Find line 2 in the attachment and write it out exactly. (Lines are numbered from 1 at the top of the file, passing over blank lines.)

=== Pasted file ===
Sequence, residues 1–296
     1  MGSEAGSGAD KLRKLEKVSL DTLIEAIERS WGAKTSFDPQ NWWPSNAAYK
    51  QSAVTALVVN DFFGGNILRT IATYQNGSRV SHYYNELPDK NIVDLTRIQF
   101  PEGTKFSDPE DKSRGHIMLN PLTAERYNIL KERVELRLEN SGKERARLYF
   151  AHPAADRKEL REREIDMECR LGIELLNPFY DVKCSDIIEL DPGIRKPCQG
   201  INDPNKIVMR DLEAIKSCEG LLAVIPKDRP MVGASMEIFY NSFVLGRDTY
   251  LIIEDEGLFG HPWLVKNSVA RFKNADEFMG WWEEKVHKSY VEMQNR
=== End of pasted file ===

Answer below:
     1  MGSEAGSGAD KLRKLEKVSL DTLIEAIERS WGAKTSFDPQ NWWPSNAAYK